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grgowl (Civil/Environmental) (OP)
19 Jan 07 0:13
Earlier on this forum, dhjdhj launched a thread seeking statistics that might document whether backing into a parking space, or pulling forward into the space results in more accidents.

see this thread:
thread163-148923

Many helpful responses were provided, but most referred to ANGLED parking, and we are specifically interested in PERPENDICULAR parking.

Many people provide opinions that it is safer to back into a parking stall, because you can see where you are going when it comes time to pull out, and avoid collisions with pedestrians and bicyclists.  They point out that backing into the parking space is safe because the driver would have already driven past the stall and seen if there were any potential problems, before starting the parking maneuver.

Conversely, it has been pointed out that drivers who have backed into a parking space may tend to zoom out of it, and thereby have a collision.  This apparently accounts for regulations in some cities that prohibit back-in parking.

Can anyone provide a link to an authoritative study that examines this issue?

Thanks
Erik Hendrickson
francesca (Civil/Environmental)
19 Jan 07 10:09
I can't provide a link, but some food for thought.

When you back into a parking space, it takes longer, meaining that your aisles are blocked for a longer period of time. This can lead to circulation issues.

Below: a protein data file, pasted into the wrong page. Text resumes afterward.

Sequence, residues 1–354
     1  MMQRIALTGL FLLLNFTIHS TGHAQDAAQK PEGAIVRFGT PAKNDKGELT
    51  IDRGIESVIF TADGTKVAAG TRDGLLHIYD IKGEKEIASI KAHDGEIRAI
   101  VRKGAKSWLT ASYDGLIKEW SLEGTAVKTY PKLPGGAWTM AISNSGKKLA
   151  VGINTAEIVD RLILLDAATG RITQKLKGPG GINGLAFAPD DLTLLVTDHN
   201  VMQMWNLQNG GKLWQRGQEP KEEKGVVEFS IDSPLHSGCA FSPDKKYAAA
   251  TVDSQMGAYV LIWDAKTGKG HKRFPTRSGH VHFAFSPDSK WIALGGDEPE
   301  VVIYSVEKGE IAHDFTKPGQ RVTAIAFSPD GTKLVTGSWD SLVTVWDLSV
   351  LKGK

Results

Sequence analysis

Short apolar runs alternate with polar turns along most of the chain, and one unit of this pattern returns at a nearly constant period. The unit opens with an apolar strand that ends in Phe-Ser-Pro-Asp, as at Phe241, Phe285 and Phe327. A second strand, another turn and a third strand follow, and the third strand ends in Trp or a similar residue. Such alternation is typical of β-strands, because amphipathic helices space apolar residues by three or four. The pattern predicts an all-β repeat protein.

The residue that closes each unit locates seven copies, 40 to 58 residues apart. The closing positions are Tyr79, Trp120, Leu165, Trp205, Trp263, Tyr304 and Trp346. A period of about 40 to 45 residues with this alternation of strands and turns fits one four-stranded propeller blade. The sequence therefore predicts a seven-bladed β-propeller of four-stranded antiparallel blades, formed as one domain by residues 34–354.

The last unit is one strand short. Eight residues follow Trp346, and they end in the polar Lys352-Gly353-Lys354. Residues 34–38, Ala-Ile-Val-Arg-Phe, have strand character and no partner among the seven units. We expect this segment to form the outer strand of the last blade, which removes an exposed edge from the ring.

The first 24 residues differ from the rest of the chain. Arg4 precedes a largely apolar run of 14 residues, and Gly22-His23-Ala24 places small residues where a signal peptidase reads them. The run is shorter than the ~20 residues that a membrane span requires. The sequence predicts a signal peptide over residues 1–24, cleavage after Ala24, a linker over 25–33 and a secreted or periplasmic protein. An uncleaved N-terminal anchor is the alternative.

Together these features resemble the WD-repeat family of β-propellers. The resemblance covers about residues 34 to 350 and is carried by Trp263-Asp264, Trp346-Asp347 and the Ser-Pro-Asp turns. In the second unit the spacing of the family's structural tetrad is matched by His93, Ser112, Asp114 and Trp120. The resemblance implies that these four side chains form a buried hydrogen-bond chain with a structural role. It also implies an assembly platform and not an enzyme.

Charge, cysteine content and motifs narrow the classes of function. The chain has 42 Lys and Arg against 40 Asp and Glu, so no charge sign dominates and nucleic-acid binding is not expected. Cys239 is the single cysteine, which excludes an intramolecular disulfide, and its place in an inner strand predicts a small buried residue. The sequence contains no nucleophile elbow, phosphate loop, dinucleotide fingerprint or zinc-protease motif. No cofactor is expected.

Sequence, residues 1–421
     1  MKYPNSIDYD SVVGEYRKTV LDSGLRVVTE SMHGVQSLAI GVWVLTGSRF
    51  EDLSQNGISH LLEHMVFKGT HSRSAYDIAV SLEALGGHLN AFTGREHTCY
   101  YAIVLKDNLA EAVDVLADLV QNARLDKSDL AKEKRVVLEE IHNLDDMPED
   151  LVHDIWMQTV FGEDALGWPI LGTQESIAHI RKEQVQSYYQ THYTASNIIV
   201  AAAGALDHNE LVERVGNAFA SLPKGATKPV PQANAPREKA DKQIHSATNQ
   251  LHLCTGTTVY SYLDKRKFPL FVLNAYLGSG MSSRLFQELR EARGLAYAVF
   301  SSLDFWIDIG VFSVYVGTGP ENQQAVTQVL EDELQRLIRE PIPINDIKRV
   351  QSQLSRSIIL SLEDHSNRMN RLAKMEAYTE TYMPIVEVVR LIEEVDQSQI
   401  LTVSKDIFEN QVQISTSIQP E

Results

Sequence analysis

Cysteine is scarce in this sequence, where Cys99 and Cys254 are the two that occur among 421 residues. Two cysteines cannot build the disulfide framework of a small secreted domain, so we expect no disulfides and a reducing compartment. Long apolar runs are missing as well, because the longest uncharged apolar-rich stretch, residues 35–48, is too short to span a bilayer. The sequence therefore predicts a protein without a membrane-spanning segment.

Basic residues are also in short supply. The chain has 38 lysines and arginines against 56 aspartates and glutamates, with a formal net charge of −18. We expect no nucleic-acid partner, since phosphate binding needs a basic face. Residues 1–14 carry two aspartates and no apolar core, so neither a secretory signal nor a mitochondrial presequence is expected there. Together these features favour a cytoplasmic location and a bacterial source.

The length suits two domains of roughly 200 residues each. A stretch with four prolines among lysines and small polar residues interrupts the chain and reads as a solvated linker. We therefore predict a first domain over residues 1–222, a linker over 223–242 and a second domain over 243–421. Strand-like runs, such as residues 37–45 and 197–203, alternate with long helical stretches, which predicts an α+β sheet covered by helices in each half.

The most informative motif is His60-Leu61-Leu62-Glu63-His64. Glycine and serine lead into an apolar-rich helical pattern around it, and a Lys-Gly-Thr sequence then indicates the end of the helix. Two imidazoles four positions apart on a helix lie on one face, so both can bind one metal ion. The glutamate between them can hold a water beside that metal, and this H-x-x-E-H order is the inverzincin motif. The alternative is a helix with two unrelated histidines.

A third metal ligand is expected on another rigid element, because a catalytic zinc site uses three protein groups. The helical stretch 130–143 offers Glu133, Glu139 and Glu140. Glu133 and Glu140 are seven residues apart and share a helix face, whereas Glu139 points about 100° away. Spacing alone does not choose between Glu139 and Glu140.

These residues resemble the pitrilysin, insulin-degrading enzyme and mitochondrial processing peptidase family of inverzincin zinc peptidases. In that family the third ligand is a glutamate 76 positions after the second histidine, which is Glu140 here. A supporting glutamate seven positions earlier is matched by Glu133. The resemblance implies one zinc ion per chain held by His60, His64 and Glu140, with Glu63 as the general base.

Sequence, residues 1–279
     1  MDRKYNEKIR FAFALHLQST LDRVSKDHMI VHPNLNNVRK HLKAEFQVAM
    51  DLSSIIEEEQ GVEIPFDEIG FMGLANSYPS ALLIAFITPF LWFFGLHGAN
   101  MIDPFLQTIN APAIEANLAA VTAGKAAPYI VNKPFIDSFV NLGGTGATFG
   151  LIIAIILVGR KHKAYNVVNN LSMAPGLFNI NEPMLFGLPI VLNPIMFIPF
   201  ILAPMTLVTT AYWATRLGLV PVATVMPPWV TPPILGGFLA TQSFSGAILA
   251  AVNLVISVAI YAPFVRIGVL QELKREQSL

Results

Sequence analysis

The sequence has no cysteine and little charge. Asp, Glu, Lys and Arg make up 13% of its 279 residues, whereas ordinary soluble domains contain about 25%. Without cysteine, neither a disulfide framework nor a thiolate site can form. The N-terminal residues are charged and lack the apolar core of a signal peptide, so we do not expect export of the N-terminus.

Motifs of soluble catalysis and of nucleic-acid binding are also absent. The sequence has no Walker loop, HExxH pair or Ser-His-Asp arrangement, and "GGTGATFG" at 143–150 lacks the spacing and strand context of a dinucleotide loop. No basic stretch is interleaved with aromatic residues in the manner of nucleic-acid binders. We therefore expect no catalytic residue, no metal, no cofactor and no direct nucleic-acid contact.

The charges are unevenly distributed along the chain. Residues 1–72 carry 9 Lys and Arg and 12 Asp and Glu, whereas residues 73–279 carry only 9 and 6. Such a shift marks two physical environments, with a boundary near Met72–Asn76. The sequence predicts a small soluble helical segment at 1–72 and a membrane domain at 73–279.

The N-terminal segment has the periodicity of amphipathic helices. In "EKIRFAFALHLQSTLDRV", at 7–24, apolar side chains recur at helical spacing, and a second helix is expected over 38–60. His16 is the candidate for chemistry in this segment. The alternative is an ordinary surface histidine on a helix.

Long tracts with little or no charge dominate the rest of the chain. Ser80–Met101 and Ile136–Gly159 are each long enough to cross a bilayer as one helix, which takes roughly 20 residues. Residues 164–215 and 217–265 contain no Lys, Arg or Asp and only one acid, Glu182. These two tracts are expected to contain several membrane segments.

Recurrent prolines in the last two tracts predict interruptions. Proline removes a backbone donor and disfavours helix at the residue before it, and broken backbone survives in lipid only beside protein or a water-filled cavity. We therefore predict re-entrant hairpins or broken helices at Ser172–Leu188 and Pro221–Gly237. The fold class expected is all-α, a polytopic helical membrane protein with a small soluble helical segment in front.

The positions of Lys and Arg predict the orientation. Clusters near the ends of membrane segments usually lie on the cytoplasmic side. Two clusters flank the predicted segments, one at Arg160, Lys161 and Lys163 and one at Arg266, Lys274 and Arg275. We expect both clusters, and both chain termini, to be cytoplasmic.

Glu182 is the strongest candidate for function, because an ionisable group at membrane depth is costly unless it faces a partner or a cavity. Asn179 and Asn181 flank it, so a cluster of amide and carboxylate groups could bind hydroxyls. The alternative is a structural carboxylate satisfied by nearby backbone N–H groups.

When you pull forward into a parking space, it is much quicker, and backing out again is easier (therefore safer?) than backing in because you have more room in the aisle than you do in a parking space.

Another complication of backing into a parking space is that you cannot see the lines very clearly (if at all) in your mirrors, which means that sloppy parking is more likely, and that will further compound the accident risk and convenience.  
civilperson (Structural)
19 Jan 07 18:07
Wheel stops are set for the overhang of front wheels, backing in crowds sidewalks, lawns and pedestrians and is practiced by idiots in a hurry.  Should be prohibited everywhere.
ACtrafficengr (Civil/Environmental)
23 Jan 07 13:18
When you back out of a parking space, it takes longer, meaning that your aisles are blocked for a longer period of time. This can lead to circulation issues.

In addition, if you have a van or SUV parked to your right and you are in a passenger vehicle, you are backing out blind into traffic.

     "...students of traffic are beginning to realize the false economy of mechanically controlled traffic, and hand work by trained officers will again prevail." - Wm. Phelps Eno, ca. 1928

"I'm searching for the questions, so my answers will make sense." - Stephen Brust

francesca (Civil/Environmental)
6 Feb 07 9:06
ACtrafficengr I'm amazed that it takes you longer to back into a wide open space than a narrow space demarcated by lines you can't see. Perhaps this should be my masters thesis topic so we can settle it with facts instead of opinions?

As for if you have a van or SUV next to you and you're in a passenger vehicle, then you're also pulling forwards into traffic blindly. The point is moot.